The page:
LegalFling uses the blockchain to help couples confirm sexual consent – with troubling implications

LegalFling, a work-in-progress app from Dutch blockchain company LegalThings, has garnered criticism for its misguided approach to sexual consent.

LegalFling uses the blockchain to help couples confirm sexual consent - with troubling implications

The practice has, deservedly, amassed gravity in recent months, with widespread revelations of sexual harassment and abuse. Consent needn’t necessarily manifest as a “do you assent to this sexual activity?”, followed by an affirmative – although to each their own. In an age seemingly saturated with sexual misconduct, intimidation and disregard, I don’t doubt that many victims find this kind of sexually consenting preface a soothing and necessary practice.

Apps like LegalFling (not the first of its kind, with Sasie and We-Consent both notable precursors) have been criticised in the past for taking the “fun” or “spontaneity” out of sex, objections which reek of ignorance and privilege. While the practice might seem sterile or clunky for some, you never know the trauma someone else has been subjected to. Nor am I prescribing this as the go-to sexual conduct. What matters are agency and consent – true agency and consent, not agreement that has been cajoled, bullied or manipulated out of its provider.

We like to imagine this was the driving force behind LegalFling, the blockchain app that requires prospective sexual partners to log what they are and aren’t okay with, before entering into sexual activity. Users can mark their do’s and dont’s “with the swipe of a finger”, enabling them to establish consent for specific activities before partaking in them.

The glaringly obvious oversight here is that consent is fluid; it can be given and retracted at any time. It’s not binding. There is no contractual obligation to your partner. Your agency is – or rather should be – intact throughout.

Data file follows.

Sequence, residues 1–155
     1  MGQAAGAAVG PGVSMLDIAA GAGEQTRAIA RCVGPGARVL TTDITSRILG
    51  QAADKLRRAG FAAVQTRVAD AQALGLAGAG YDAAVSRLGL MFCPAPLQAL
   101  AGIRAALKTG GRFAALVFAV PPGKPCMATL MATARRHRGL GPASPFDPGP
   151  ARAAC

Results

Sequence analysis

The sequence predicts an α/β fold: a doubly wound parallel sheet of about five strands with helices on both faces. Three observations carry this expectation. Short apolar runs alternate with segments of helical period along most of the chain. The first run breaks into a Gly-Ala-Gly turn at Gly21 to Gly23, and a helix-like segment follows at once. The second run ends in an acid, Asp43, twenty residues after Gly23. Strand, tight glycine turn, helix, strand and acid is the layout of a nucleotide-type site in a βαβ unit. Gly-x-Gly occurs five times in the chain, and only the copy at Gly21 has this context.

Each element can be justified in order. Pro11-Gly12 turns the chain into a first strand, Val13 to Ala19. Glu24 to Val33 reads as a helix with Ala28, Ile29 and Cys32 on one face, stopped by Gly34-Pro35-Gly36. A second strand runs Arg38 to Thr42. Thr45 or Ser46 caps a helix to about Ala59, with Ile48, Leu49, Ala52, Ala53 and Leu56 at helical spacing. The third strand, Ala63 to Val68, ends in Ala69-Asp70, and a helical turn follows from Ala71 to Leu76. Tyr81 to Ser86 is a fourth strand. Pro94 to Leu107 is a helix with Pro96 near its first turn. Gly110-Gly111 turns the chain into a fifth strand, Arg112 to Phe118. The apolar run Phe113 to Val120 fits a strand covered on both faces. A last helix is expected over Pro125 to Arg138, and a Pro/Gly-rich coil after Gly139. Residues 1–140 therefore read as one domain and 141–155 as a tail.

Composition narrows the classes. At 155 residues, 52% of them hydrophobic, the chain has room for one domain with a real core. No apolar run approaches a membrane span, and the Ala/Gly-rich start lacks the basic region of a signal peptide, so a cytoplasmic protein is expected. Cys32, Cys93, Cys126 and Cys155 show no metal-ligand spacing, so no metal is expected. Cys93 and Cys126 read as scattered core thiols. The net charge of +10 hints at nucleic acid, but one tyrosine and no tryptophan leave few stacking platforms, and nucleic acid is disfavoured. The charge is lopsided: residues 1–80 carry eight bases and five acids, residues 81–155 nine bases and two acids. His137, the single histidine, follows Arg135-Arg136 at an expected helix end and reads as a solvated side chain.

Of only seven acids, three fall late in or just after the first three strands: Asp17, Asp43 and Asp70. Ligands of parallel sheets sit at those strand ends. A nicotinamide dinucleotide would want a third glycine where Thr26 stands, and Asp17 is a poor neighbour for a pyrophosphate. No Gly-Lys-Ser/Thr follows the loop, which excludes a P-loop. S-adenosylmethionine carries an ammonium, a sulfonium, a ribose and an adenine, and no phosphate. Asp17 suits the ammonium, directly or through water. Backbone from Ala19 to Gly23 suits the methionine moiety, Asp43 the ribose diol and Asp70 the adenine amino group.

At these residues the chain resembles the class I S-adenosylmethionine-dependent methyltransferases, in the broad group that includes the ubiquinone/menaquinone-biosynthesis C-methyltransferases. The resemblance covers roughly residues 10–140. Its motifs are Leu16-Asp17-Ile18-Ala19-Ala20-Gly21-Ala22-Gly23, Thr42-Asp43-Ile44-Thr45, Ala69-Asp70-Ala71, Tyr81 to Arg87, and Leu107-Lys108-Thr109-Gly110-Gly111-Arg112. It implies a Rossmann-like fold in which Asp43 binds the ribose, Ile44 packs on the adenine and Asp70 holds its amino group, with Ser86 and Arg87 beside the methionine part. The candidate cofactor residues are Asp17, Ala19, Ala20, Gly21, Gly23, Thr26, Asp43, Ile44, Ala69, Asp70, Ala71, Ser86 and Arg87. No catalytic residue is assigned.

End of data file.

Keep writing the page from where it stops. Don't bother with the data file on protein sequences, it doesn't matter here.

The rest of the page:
The practice that LegalFling espouses – signing off on something before doing it – doesn’t allow much room for post-contractual manoeuvre. While the app does permit people to change their minds (LegalFling acknowledges that “no” means “no”), the act of putting sexual activity on hold to pick up your smartphone and tinker with the settings on an app feels laborious, cumbersome and more than a little awkward – something that consenting shouldn’t. In many ways, the app perpetuates the deeply troubling but culturally predominant ethos of: “I’m in this deep, I’ve taken it this far, it’d be socially unacceptable to withdraw now.”

What’s more, digital records of sexual consent could make the practice of “covering one’s tracks” more viable; if a sexual abuser manages to cajole his victim into swiping an app in assent, this leaves scope for moral, social or even legal vindication, a very scary thought indeed.

Troublingly, the team behind the app largely comprises men; five out its six members are male, according to LegalFling’s website. Surely any attempt to ameliorate a pandemic where the bulk of victims are women (9/10 rape victims in the US are female, according to RAINN) would benefit from some female insight. Gizmodo got in touch with team member Martijn Broersma, who attempted to allay concern, explaining that “there are several women who are helping and supporting our project.” This will, he went on, be reflected as the website is updated in coming months; the app is still in development, and not yet available for download.

Apps like LegalFling, which attempt to clarify consent in a number of well-meaning ways, in reality widen the opportunity for misconduct; they deepen victims’ fears of being deemed a liar (what if digital consent cannot be retracted), and perpetuate a culture of “starting what you finished” (given the weighty contractual dimension LegalFling brings to sexual activity). A well-intentioned but misguided and, we hope short-lived, attempt at redefining consent.

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